A small eruption was observed Wednesday on Mt. Asama in eastern Japan, prompting the volcanic alert level to be raised from 1 to 3 on a scale that goes up to 5, while there were no immediate reports of injuries, the weather agency and local authorities said.
The eruption occurred at 10:08 p.m. near the crater of the 2,568-meter-high volcano, with smoke reaching about 1,800 meters above the mountain, according to the Japan Meteorological Agency. The elevated alert level means people should not approach the mountain.
The agency warned of possible flying rocks and pyroclastic flows within about a 4-km radius of the crater.
At a press conference early Thursday, the agency said no pyroclastic flows had occurred in the latest eruption, while urging people to stay out of harm’s way by following instructions from local authorities.
The agency said the volcano spewed ash deposits as far as 200 meters from the crater, which is situated on the border between Gunma and Nagano Prefectures. The eruption lasted about 20 minutes.
Gunma’s Naganohara town office advised 28 people at a campsite at the foot of the mountain to evacuate. The site is located within the 4-km radius.
The town of Karuizawa in Nagano closed the starting points of two trails up Mt. Asama, located about 140 kilometers northwest of Tokyo.
Volcanic ash could fall on the three prefectures of Gunma, Nagano and Niigata, according to the agency.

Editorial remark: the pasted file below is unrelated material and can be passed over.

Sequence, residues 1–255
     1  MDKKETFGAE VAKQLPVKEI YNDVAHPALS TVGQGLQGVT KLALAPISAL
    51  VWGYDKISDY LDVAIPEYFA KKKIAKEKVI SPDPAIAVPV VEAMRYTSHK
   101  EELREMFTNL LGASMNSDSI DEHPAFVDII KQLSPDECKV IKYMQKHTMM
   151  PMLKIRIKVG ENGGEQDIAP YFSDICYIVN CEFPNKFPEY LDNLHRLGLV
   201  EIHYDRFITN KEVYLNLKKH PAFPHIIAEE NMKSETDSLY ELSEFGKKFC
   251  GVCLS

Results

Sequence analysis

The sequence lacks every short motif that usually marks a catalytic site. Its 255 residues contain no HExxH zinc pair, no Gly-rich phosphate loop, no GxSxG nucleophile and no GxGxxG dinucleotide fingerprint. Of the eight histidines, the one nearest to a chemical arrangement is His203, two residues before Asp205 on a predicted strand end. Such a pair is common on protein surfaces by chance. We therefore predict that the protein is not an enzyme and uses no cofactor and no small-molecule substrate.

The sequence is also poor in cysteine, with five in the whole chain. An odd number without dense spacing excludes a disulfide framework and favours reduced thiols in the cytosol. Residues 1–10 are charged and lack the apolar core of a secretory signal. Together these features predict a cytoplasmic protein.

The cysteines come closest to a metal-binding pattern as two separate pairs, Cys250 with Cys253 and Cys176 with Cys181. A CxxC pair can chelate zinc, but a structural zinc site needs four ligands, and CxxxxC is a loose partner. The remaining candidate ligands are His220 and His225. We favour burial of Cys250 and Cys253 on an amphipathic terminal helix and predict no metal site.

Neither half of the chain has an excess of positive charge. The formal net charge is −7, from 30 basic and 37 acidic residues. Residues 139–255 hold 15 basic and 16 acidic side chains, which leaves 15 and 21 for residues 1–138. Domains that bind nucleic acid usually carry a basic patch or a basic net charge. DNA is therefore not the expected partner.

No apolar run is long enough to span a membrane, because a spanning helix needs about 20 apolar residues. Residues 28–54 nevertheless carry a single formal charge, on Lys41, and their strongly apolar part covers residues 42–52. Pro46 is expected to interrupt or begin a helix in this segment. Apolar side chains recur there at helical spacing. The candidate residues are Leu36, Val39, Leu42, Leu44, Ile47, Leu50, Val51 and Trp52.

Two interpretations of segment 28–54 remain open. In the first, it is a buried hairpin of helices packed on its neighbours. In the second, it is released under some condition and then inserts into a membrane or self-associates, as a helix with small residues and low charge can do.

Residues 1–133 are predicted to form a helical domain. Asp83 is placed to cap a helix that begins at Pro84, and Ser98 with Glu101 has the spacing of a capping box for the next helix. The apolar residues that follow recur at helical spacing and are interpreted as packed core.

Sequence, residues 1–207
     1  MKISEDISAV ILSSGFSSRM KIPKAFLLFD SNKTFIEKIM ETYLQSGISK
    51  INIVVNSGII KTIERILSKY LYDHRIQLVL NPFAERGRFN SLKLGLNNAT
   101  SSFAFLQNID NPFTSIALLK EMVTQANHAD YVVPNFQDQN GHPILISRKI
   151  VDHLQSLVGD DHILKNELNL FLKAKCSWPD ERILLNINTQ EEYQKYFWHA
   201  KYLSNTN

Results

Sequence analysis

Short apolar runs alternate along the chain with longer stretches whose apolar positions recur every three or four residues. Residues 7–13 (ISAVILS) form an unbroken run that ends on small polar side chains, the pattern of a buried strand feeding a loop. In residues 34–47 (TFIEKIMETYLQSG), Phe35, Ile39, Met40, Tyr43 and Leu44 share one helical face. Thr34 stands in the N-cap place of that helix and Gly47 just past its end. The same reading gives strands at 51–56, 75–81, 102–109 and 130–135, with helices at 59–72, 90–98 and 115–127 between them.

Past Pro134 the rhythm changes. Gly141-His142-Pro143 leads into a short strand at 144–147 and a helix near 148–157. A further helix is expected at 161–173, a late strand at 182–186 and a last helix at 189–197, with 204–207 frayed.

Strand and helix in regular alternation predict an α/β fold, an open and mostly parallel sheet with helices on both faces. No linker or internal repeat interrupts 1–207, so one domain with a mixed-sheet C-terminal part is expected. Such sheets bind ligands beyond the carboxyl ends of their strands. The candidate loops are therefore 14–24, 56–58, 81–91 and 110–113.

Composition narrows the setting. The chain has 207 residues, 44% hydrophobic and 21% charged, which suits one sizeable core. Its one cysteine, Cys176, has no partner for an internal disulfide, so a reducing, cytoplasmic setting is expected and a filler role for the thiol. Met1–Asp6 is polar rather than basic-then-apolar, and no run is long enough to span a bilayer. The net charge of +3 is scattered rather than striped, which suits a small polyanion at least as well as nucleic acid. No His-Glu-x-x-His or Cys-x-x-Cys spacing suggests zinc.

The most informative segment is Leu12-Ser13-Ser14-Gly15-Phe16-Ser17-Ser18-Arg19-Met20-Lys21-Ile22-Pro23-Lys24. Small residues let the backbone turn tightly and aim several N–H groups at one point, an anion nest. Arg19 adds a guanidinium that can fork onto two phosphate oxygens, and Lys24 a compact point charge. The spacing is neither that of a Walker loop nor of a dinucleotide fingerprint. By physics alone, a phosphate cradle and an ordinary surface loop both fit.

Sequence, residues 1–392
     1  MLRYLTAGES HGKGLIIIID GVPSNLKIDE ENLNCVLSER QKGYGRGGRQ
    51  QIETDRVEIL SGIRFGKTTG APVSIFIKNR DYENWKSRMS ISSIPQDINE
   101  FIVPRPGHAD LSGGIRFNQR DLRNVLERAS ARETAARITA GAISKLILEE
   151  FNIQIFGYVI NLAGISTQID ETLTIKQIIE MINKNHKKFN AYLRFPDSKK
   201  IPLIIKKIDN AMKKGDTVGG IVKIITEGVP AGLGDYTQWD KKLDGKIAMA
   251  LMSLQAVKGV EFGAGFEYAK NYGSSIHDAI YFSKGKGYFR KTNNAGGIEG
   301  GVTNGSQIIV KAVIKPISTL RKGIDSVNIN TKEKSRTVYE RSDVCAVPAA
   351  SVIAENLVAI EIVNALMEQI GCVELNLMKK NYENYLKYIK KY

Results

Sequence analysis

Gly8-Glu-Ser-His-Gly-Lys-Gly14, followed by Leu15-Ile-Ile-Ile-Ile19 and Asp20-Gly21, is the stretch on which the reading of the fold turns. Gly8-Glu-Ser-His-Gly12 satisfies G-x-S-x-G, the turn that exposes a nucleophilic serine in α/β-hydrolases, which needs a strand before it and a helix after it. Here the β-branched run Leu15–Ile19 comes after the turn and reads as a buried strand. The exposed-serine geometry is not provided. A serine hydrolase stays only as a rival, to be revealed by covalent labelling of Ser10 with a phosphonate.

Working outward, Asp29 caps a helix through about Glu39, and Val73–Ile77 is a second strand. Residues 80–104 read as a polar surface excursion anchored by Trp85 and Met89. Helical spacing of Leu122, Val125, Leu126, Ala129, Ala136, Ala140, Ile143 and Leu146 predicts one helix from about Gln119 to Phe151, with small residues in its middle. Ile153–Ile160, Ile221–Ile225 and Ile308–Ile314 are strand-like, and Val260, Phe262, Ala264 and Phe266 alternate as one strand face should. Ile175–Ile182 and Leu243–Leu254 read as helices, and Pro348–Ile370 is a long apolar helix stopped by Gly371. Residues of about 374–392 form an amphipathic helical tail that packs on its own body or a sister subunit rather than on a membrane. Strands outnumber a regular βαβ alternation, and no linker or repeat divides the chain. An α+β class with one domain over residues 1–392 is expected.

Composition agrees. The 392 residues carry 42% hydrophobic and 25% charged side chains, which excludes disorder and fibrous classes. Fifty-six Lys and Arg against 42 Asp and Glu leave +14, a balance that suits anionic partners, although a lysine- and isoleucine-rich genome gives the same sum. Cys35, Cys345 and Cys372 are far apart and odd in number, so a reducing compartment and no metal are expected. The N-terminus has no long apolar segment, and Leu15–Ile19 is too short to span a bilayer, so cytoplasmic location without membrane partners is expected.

The government set up a liaison unit at the crisis management center of the prime minister’s office after the eruption.
In June 2015, Mt. Asama experienced a small-scale eruption and the agency lowered the alert level from 2 to 1 in August last year.
Courtesy of english.kyodonews.net
Violent #Explosions With #Eruption Column Rising 2 km, Triggering #Panic At #StromboliVolcano In #Italy
View of the eruption column at Stromboli volcano (image: Francesca Utano / VolcanoDiscovery)
A series of at least two very large explosions occurred this afternoon at the volcano. They probably rank among the largest recorded at the volcanoes in decades.
At approx. 16:51, 16:54, and 17:03 local time, it seems that the the western (or otherwise the central) vent produced powerful eruptions (in particular the latter two), which ejected glowing bombs all over the summit area and produced an eruption column that rose approx. 3-5 km.
Hot bombs and lapilli falling in the vegetated slopes of the island caused a series of fires. Panic was reported to have broken out among some residents in the village of Ginostra (which is at only 2 km horizontal distance from the crater), but there are no reports of injuries.
A newspaper article mentioned that some tourists fled into the sea and there are talks about evacuation of the island, although the situation is not clear at the moment.
What is is clear is that this so-called paroxysm today was one of the largest events of its kind on the volcano not only during recent years, but decades. Fortunately, such sudden large explosions have been rare at Stromboli (on average one or two per year), but they not entirely unusual. Unfortunately, they are almost impossible to predict and pose a constant risk for anyone visiting the summit area.
According to local news, the eruption was preceded by an overflow of lava into the Sciara del Fuoco, which seems to have been associated with the first explosion at around 16:51 (see image), suggesting that they were the result of a sudden surge in magma supply.
Courtesy of volcanodiscovery.com